• All plants have evolved different adaptations for a variety of terrestrial environments.
  • Overview of the Plant Kingdom
    • Overview of the Plant Kingdom
        • Plants are divided into four groups based on these features:
          • water-conducting tissues
          • seeds
          • flowers
        • Plants are also classified by other features, including reproductive structures and body plan.
  • in the Plant Kingdom
    • Evolutionary Relationships
    Flowering plants Cone-bearing plants Ferns and their relatives Mosses and their relatives Flowers; Seeds enclosed in fruit Water-conducting (vascular) tissue Seeds Green algae ancestor
  • Overview of the Plant Kingdom
    • Today, scientists can classify plants more precisely by comparing the DNA sequences of various species.
  • 22–2 Bryophytes
    • Mosses and their relatives are called bryophytes, or nonvascular plants.
    • They do not have vascular tissues, or specialized tissues that conduct water and nutrients.
    Bryophytes
      • Bryophytes have life cycles that depend on water for reproduction.
      • Bryophytes draw up water by osmosis only a few centimeters above the ground.
    • During one stage of their life cycle, bryophytes produce sperm that swim through water to reach eggs of other individuals.
    • Therefore, bryophytes must live where there is rainfall or dew for part of the year.
    Bryophytes
        • Bryophytes are low-growing plants found in moist, shaded areas.
      • The three groups of bryophytes are:
        • mosses
        • liverworts
        • hornworts
  •  
  •  
  •  
        • The most common bryophytes are mosses.
        • Mosses:
          • are adapted to life in wet habitats and nutrient-poor soils.
          • can tolerate low temperatures.
          • are clumps of gametophytes growing together.
    • The Structure of a Moss
    Stalk Capsule Sporophyte Gametophyte Stemlike structure Leaflike structure Rhizoid
    • Each moss plant has a shoot that looks like a stem with leaves. These are not true stems or leaves, because they do not contain vascular tissue.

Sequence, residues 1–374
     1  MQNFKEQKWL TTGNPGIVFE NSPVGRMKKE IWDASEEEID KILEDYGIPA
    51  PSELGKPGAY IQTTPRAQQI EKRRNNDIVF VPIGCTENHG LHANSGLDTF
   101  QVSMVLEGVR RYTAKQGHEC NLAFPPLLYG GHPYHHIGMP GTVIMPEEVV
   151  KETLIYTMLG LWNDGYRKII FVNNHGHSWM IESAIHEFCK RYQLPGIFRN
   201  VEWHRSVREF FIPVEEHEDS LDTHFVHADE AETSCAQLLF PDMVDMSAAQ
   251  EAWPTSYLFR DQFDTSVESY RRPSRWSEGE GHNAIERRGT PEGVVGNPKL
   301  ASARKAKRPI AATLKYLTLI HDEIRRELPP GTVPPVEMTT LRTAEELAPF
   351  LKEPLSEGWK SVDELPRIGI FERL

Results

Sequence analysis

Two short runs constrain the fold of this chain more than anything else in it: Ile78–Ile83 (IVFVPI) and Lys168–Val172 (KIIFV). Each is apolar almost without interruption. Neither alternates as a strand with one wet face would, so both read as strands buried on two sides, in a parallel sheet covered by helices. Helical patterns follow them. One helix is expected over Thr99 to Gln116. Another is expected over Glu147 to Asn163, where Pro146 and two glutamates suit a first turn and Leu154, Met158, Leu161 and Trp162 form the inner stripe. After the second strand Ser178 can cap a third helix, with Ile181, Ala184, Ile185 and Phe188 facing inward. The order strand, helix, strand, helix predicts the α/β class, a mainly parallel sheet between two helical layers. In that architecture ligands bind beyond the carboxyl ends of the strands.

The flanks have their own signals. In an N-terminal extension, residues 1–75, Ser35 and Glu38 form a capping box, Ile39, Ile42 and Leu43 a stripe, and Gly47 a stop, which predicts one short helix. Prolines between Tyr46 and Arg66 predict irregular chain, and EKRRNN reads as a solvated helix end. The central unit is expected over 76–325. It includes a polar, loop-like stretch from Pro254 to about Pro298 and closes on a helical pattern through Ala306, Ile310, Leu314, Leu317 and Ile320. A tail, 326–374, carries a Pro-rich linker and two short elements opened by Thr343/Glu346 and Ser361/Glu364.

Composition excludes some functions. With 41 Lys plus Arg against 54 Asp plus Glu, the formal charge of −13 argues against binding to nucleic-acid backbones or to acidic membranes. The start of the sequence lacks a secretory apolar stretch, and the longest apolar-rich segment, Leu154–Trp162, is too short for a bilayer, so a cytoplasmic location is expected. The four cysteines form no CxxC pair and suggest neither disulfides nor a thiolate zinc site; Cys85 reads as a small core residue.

• Groups of Bryophytes
    • When mosses reproduce, they produce thin stalks, each containing a capsule.
    • This is the sporophyte stage.
    • The “leaves” of mosses are one cell thick, so they lose water quickly if the surrounding air is dry.
    • Life Cycle of Bryophytes
      • Bryophytes reproduce and develop by alternation of generations.
      • For bryophytes, the gametophyte is the dominant stage of the life cycle and is the stage that carries out most of the plant's photosynthesis.
  • Life Cycle of Bryophytes
      • Life Cycle of a Moss 
        • The life cycle of a moss illustrates how bryophytes reproduce and develop.
  • Gametophyte (N) Mature sporophyte (2N) Gametophyte (N)
  • 22–3 Seedless Vascular Plants
    • 420 million years ago, mosslike plants on land were joined by taller plants.
    • Evidence shows that these plants had vascular tissue, which is specialized to conduct water and nutrients throughout the plant.
    Evolution of Vascular Tissue
  • Evolution of Vascular Tissue
        • The first vascular plants contained tracheids which are cells specialized to conduct water.
        • Tracheids make up xylem, a transport subsystem that carries water from the roots to every part of a plant.
        • Tracheids are hollow with thick cell walls that resist pressure.
        • They connect end to end to allow water to move efficiently.
  • Evolution of Vascular Tissue
    • Vascular plants have a second transport subsystem composed of vascular tissue called phloem.
    • Phloem transports solutions of nutrients and carbohydrates produced by photosynthesis.
  • Evolution of Vascular Tissue
      • Both xylem and phloem can move fluids through the plant body, even against the force of gravity.
  • Evolution of Vascular Tissue
    • Together xylem and phloem move water, nutrients, and other materials throughout the plant.
    • Xylem and lignin (a substance that makes cell walls rigid) enable some plants to grow upright and tall.
  • Ferns and Their Relatives
      • Seedless vascular plants include:
        • club mosses
        • horsetails
        • ferns
  •  
  • Ferns and Their Relatives
        • The most numerous phylum is the ferns.
        • Ferns and their relatives have true roots, leaves, and stems.
  • Life Cycle of Ferns
    • Roots are underground organs that absorb water and minerals.
    • Leaves are photosynthetic organs that contain one or more bundles of vascular tissue. Tissue is gathered into veins made of xylem and phloem.
    • Stems are supporting structures that connect roots and leaves, carrying water and nutrients between them.
  • Ferns and Their Relatives
      • Club Mosses
        • Ancient club mosses grew into trees and produced forests.
        • Fossilized remains of these exist today as huge beds of coal.
        • Today, club mosses are small plants that live in moist woodlands.
  • Ferns and Their Relatives
      • Horsetails
        • The only living genus of Arthrophyta is Equisetum.
        • Equisetum has true leaves, stems, and roots.
        • Equisetum is called horsetail, or scouring rush.
  • Ferns and Their Relatives
      • Ferns
        • Ferns probably evolved 350 million years ago, when club moss forests covered Earth.